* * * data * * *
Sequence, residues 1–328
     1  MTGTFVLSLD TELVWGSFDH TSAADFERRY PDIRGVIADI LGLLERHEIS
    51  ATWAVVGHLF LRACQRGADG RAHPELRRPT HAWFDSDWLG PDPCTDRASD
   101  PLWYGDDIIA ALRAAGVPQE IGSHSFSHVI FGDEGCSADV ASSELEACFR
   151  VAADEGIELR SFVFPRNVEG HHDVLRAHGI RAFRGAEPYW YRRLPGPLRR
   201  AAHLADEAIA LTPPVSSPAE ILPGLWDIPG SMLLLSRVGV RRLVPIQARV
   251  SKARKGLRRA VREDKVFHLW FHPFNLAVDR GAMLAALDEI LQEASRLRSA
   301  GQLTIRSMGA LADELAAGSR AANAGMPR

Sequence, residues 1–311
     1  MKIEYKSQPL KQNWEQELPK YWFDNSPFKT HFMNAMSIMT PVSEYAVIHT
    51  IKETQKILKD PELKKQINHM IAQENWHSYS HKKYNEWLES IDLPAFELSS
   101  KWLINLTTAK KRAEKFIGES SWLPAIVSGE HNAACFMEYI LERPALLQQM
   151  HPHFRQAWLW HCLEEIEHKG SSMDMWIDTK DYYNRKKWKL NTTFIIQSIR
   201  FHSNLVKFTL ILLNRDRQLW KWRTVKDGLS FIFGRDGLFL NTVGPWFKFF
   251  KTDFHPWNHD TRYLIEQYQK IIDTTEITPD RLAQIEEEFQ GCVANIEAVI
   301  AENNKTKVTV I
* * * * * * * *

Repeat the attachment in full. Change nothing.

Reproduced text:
Sequence, residues 1–328
     1  MTGTFVLSLD TELVWGSFDH TSAADFERRY PDIRGVIADI LGLLERHEIS
    51  ATWAVVGHLF LRACQRGADG RAHPELRRPT HAWFDSDWLG PDPCTDRASD
   101  PLWYGDDIIA ALRAAGVPQE IGSHSFSHVI FGDEGCSADV ASSELEACFR
   151  VAADEGIELR SFVFPRNVEG HHDVLRAHGI RAFRGAEPYW YRRLPGPLRR
   201  AAHLADEAIA LTPPVSSPAE ILPGLWDIPG SMLLLSRVGV RRLVPIQARV
   251  SKARKGLRRA VREDKVFHLW FHPFNLAVDR GAMLAALDEI LQEASRLRSA
   301  GQLTIRSMGA LADELAAGSR AANAGMPR

Sequence, residues 1–311
     1  MKIEYKSQPL KQNWEQELPK YWFDNSPFKT HFMNAMSIMT PVSEYAVIHT
    51  IKETQKILKD PELKKQINHM IAQENWHSYS HKKYNEWLES IDLPAFELSS
   101  KWLINLTTAK KRAEKFIGES SWLPAIVSGE HNAACFMEYI LERPALLQQM
   151  HPHFRQAWLW HCLEEIEHKG SSMDMWIDTK DYYNRKKWKL NTTFIIQSIR
   201  FHSNLVKFTL ILLNRDRQLW KWRTVKDGLS FIFGRDGLFL NTVGPWFKFF
   251  KTDFHPWNHD TRYLIEQYQK IIDTTEITPD RLAQIEEEFQ GCVANIEAVI
   301  AENNKTKVTV I